CDC expects COVID-19 vaccine data on kids by fall, Walensky says

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Health officials expect to have more data surrounding COVID-19 vaccines and younger children by late fall, Centers for Disease Control and Prevention (CDC) Director Dr. Rochelle Walensky said Wednesday. Walensky, who was testifying before a Senate subcommittee on the agency’s budget request said de-escalation studies involving children down to 9 are ongoing, and will involve younger children as more data comes in. 

“We’re working towards getting a vaccine that’s available for all people,” Walensky said, adding that the agency hopes to “have more available data in late fall and by the end of the year.” 

She added that even in the absence of COVID-19 vaccines that are authorized for younger age groups, “schools can be a very safe place.” 

Walensky had appeared alongside Dr. Anne Schuchat, the agency’s outgoing deputy director who spoke to the protection vaccines can offer pregnant women. 

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“COVID complicates pregnancy,” Schuchat said. “So, women who are pregnant and get COVID have worse experiences with the infection than do non-pregnant women, with more time in the ICU, more risk of severe outcome including those rare deaths.” 

Schuchat said that the illness also increases the risk of premature birth, and that while clinical trials rarely include pregnant women the data collected so far suggests the vaccines are safe.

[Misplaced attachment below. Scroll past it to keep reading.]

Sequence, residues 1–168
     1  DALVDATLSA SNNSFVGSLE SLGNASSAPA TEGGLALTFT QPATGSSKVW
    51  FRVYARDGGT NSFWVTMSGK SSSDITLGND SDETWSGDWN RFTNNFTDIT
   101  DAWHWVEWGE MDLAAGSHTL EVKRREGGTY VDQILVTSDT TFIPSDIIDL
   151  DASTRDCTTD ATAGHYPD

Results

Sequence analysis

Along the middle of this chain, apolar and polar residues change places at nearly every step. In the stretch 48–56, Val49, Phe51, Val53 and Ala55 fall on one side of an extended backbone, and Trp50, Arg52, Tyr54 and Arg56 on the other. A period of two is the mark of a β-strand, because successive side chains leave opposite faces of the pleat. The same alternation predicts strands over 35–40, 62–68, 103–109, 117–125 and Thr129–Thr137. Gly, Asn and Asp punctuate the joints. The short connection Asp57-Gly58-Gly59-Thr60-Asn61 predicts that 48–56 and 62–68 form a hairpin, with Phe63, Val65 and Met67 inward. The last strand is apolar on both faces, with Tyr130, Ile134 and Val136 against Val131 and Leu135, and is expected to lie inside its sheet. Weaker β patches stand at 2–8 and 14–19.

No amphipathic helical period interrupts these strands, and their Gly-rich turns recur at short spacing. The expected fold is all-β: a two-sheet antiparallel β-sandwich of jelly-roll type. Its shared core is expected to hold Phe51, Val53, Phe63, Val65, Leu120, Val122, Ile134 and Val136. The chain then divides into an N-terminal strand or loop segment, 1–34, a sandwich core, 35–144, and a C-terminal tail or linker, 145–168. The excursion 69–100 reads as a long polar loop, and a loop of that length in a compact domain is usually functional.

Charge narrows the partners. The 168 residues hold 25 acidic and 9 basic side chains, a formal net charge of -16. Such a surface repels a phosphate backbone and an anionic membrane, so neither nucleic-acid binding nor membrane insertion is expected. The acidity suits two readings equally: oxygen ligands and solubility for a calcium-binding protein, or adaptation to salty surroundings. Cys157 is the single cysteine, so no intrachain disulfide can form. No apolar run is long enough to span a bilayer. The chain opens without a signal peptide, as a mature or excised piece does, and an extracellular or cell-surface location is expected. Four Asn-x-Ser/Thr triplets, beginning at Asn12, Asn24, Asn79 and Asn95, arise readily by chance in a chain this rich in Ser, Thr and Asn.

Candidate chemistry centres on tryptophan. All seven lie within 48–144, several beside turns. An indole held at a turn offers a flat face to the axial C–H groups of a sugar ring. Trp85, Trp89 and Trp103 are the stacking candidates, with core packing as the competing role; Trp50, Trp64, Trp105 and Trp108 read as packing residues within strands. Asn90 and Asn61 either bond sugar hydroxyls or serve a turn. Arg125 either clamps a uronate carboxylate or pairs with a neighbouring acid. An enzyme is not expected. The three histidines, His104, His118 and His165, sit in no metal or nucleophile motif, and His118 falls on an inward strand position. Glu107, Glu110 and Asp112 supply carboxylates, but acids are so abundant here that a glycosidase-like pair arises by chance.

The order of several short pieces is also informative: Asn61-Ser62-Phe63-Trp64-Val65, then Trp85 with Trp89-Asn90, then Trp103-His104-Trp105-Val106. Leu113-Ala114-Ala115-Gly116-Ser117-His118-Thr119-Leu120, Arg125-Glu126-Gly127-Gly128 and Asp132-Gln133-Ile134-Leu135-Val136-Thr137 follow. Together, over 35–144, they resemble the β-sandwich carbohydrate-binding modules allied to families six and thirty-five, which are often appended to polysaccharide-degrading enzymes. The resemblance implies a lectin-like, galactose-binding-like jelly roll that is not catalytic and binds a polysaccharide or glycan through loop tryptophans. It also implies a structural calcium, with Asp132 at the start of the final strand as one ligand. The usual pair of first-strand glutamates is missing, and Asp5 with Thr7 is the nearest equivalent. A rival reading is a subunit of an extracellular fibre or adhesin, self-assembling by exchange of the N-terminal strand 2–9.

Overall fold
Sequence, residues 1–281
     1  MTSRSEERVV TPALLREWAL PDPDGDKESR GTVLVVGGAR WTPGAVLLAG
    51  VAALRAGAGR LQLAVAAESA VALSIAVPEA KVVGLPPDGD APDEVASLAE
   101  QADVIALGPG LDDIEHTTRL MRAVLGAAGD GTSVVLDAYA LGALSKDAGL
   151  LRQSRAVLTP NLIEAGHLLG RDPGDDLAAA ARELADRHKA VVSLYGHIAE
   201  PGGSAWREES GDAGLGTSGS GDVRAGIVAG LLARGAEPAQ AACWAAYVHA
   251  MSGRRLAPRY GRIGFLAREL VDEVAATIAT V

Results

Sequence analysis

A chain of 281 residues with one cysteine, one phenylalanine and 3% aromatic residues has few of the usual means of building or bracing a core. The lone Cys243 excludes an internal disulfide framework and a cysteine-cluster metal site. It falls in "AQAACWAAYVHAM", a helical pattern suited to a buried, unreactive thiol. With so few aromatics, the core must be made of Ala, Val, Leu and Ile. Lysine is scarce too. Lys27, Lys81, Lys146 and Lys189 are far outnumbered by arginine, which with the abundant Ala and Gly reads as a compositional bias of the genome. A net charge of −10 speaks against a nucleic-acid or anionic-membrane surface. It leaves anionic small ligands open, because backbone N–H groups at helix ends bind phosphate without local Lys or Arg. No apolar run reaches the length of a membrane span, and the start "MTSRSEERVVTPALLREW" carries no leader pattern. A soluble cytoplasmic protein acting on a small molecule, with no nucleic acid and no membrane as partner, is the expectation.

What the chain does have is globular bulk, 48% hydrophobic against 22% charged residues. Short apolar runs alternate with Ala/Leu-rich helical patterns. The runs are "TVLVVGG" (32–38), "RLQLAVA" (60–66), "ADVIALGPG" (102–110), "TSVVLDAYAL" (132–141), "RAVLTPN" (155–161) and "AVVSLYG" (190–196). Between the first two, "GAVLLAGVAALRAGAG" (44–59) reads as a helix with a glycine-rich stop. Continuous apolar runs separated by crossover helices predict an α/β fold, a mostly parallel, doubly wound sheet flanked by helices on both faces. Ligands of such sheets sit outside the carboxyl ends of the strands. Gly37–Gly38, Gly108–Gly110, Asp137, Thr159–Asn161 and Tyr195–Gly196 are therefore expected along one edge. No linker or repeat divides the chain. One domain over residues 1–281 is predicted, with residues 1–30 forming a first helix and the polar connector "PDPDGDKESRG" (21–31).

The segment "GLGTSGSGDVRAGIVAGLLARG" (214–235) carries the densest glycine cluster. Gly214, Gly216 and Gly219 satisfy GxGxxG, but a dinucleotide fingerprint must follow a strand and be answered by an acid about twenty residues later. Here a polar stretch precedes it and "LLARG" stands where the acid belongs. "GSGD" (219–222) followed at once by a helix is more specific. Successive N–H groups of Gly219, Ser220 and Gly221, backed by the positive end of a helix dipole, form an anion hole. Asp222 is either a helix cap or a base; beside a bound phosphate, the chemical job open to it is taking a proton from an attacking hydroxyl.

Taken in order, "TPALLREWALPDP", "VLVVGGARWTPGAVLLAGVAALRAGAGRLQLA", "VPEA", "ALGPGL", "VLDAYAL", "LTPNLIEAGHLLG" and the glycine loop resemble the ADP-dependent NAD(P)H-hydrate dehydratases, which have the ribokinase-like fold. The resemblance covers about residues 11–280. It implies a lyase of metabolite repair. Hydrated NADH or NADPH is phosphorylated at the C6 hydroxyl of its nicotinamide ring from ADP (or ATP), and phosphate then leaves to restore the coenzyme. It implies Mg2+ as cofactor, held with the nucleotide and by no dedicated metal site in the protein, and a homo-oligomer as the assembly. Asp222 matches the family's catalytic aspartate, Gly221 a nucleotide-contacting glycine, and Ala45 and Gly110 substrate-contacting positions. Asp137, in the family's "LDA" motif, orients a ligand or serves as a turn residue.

“We are fortunate that there has been an intense effort to get data about women who do get vaccinated while pregnant to understand what happens so other women can learn from that,” Schuchat said. “Based on what we know right now we recommend that women be offered vaccines during pregnancy, that they’re eligible to get them and that they can make a choice about it.” 

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Schuchat said that officials have “reassuring data” regarding COVID-19 vaccines in pregnant women, “particularly in the third trimester,” and that researchers are continuing to follow this population in coordination with the FDA. 

“We’ll be expecting this summer to have even more data, particularly about vaccines given earlier in pregnancy,” Schuchat said. 

She added that researchers are hopeful the vaccines provide protection to unborn babies similar to how the flu shot works. 

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